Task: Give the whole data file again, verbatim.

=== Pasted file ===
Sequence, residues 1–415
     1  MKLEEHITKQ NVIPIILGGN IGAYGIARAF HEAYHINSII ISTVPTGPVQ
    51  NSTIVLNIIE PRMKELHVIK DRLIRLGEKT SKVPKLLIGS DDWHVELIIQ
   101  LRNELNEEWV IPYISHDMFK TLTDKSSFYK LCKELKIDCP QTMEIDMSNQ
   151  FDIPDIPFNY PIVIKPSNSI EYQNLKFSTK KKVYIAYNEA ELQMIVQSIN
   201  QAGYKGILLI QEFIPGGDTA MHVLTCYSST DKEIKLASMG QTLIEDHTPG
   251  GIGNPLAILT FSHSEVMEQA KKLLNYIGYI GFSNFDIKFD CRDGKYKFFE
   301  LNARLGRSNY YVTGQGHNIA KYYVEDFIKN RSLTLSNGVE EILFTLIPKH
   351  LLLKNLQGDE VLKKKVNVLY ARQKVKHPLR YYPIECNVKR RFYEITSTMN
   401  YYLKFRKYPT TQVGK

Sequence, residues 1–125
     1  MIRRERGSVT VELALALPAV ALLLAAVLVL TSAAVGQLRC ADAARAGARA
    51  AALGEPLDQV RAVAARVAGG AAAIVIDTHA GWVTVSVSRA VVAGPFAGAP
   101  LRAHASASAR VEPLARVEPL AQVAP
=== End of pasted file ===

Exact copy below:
Sequence, residues 1–415
     1  MKLEEHITKQ NVIPIILGGN IGAYGIARAF HEAYHINSII ISTVPTGPVQ
    51  NSTIVLNIIE PRMKELHVIK DRLIRLGEKT SKVPKLLIGS DDWHVELIIQ
   101  LRNELNEEWV IPYISHDMFK TLTDKSSFYK LCKELKIDCP QTMEIDMSNQ
   151  FDIPDIPFNY PIVIKPSNSI EYQNLKFSTK KKVYIAYNEA ELQMIVQSIN
   201  QAGYKGILLI QEFIPGGDTA MHVLTCYSST DKEIKLASMG QTLIEDHTPG
   251  GIGNPLAILT FSHSEVMEQA KKLLNYIGYI GFSNFDIKFD CRDGKYKFFE
   301  LNARLGRSNY YVTGQGHNIA KYYVEDFIKN RSLTLSNGVE EILFTLIPKH
   351  LLLKNLQGDE VLKKKVNVLY ARQKVKHPLR YYPIECNVKR RFYEITSTMN
   401  YYLKFRKYPT TQVGK

Sequence, residues 1–125
     1  MIRRERGSVT VELALALPAV ALLLAAVLVL TSAAVGQLRC ADAARAGARA
    51  AALGEPLDQV RAVAARVAGG AAAIVIDTHA GWVTVSVSRA VVAGPFAGAP
   101  LRAHASASAR VEPLARVEPL AQVAP